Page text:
The last thing that you might want your friend to do is to really do a monthly budget. Usually, you run up credit card debt slowly, like a leak, because your spending more than your income every month. You have good months and bad months, but every month the debt grows. If you don’t patch the leak, then you can never really solve the problem.

    There are reputable credit counselors out there that can help people make plans to pay off credit card debt. Be careful, though, there are also some less than reputable ones. I would consult with the programs recommended by local government agencies, if this sounds helpful. Don’t just do a web search for it…

    Hope this helps.
    Adam

  3. When currencies fail real property is a good fall back. Some forms such as bullion coin are very liquid and also hold there value against the cost of goods and services through inflation. I’m not an extremist and I’m not saying the sky is falling, but I do work with the senior population. Their stories of the depression are not lost on me. The 20’s are just around the corner and we are over due for harder times. Ajusted for inflation the dollar wouldn’t be worth the paper it is printed on.

  4. This is a well-written and hard-hitting post I think. A big problem among both young people and retiring (older) people is simply NOT PREPARING. I appreciate you giving this advice on your site because good sensible thinking is needed like this today.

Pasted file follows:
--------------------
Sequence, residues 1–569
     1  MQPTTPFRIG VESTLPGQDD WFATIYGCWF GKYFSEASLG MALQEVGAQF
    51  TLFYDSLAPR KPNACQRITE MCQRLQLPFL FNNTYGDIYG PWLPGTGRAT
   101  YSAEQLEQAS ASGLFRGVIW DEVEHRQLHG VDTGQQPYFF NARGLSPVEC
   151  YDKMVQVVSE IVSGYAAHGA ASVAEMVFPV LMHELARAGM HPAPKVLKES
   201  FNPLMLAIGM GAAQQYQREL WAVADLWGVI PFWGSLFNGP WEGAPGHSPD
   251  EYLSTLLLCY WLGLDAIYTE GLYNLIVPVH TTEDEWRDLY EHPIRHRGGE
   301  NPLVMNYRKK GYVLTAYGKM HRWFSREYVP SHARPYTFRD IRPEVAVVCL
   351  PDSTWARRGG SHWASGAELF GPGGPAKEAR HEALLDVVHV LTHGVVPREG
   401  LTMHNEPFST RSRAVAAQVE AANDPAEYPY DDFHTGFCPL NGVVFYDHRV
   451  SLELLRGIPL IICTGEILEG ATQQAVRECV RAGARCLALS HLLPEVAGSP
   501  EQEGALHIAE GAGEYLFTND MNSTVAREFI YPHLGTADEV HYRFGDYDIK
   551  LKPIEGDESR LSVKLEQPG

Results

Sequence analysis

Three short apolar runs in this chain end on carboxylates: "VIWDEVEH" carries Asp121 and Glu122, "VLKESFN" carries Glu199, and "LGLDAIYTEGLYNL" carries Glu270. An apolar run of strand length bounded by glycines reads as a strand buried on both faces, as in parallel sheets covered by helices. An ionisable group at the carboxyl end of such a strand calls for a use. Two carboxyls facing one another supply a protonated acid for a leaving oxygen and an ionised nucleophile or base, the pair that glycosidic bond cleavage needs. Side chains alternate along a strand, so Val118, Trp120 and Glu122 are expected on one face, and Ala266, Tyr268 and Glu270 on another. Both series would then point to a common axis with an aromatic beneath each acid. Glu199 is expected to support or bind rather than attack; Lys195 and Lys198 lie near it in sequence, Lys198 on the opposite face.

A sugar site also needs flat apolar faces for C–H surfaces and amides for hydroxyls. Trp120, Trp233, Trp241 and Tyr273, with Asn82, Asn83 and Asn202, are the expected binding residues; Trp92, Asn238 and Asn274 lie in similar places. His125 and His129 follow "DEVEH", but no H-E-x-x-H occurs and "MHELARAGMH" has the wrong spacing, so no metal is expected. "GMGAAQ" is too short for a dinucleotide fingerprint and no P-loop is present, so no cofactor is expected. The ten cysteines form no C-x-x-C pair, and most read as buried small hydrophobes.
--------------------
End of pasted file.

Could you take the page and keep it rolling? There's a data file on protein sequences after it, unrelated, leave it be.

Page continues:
5. Hi Adv-Retirement,

    I’m not sure I understand what an emergency fund in a retirement investment portfolio would be.

    Many investment portfolios will keep a small percentage of their dollars in cash, as a way to balance risk, and to ensure the availability of funds & liquidity in a market crash.

    For example, if you are pulling 4% annually out of a retirement portfolio, you might have a small percentage in cash to smooth out returns and lower risk. You might want to see my chapter on asset allocation for more information here.

    For this article, I use emergency fund to refer to cash you keep outside of your primary savings vehicles for retirement, housing, or education. The emergency fund is designed to help you cope with a sudden emergency or disruption of income.

    Take care.
    Adam